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100 Days of Real Food

100 Days of Real Food: You In?

There's a reason (or two!) why people just can't say no to fast food. It's fast. And easy. And sometimes regrettably delicious. But, there's also a reason why we shouldn't be gobbling up Krispy Kremes with coffee and chowing down on Big Macs at lunchtime. It's just not good for the body. What is good for the body are unprocessed, straight from the garden raw foods that can give us nutrients, vitamins, and other essentials to keep our natural fuels running.

In an effort to get back to the basics with healthy eating, Lisa and Jason Leake gave up unprocessed for an entire 100 days. The North Carolina parents of two decided it was time to give up the sugar infused packaged goods for a period of unrefined choices straight out of their backyard. After reading In Defense of Food ($9) by Michael Pollan, the couple changed their ways of eating for good. And lucky for us, Lisa isn't keeping her journey to herself. She's sharing her learnings, recipes, and little secrets with her devoted readers and challenging them along the way in her blog 100daysofrealfood. She realizes going 100 days with "real food" may be too tough for some but asks people to try it for 10 days.

Could, or would you take the pledge to go 10 days without any processed foods. Perhaps you're already doing it?

Giasbash6260 Giasbash6260 6 years
I have been eating real food... for uh, 365 X 10 years... so yea, how many days is that! ha ha... 3650!!! Woo Woo! I don't even think about processed crap = EVER!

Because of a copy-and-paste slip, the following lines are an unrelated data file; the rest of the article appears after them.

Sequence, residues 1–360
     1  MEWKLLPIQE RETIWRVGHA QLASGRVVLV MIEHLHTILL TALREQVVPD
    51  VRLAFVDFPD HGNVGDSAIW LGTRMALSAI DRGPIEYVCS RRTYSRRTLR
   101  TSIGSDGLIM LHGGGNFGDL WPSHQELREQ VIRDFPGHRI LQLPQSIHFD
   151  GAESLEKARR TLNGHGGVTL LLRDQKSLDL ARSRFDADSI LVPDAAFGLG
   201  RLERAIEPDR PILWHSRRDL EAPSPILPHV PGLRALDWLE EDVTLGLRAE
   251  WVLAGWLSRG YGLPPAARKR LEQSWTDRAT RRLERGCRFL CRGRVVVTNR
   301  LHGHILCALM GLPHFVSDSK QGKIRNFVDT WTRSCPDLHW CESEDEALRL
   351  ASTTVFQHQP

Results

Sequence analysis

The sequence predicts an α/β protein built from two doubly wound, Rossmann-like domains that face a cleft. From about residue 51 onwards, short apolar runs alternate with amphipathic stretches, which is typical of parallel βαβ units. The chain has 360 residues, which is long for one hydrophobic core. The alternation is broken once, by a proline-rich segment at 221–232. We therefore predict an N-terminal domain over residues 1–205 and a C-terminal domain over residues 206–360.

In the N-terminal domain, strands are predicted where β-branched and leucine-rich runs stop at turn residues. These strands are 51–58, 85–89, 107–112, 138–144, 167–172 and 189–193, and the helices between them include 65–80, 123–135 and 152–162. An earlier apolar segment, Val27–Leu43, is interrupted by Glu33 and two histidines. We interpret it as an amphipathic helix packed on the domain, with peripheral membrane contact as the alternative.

jade408 jade408 6 years
Does yogurt count. :P I have cut out the bulk of my processed foods besides, yogurt, occasional crackers or chocolate, and well organic chicken broth.
2muchtv 2muchtv 6 years
You only need a month for your taste buds to change. I went a month without any extra sugar (so fruits were OK, but that was it, I even banned 100% juice). This also meant eating at home more, which also resulted in less salt. Afterwards, when I tried to eat processed foods, I found them too salty or too sweet. My family can't eat at our favorite restaurant because the food was too salty. If you want to try to eat real foods, try to go only a week, then two weeks, then a month. With an ending in sight, it won't feel like you're deprived, but you're giving your tastebuds time to reset, so that by the time you're done, you don't even WANT the processed food.
kclulu kclulu 6 years
I think this is fantastic. For the past 5 years I have been slowly improving my diet and educating myself on what "healthy" eating actually means and what it has come down to is eating a diet of unprocessed and whole foods. For the past year or so I have for the most part eaten in this way and the biggest benefit I have had is a significant improvement in my IBS. I used to have stomach problems and bloating on a regular basis but now that I am eating mostly "real" food, these bouts are few and far between. I have also expanded my palate and have tried many new foods through eating this way and I overall feel better. I am not 100% on the "real" food train though, I still have splenda in my coffee (a habit I am trying to break) and I will eat out occasionally and have a nutrition or protein bar, but I am not usually and all or nothing kind of gal. I find this makes me a little crazy so I just limit this, eat mostly clean and that is ok with me. I really loved this blog though, lot's of great recipes and I think it is wonderful that the author is showing her children how to eat clean and not feeding them a diet of processed food, which that isn't exactly easy to do!
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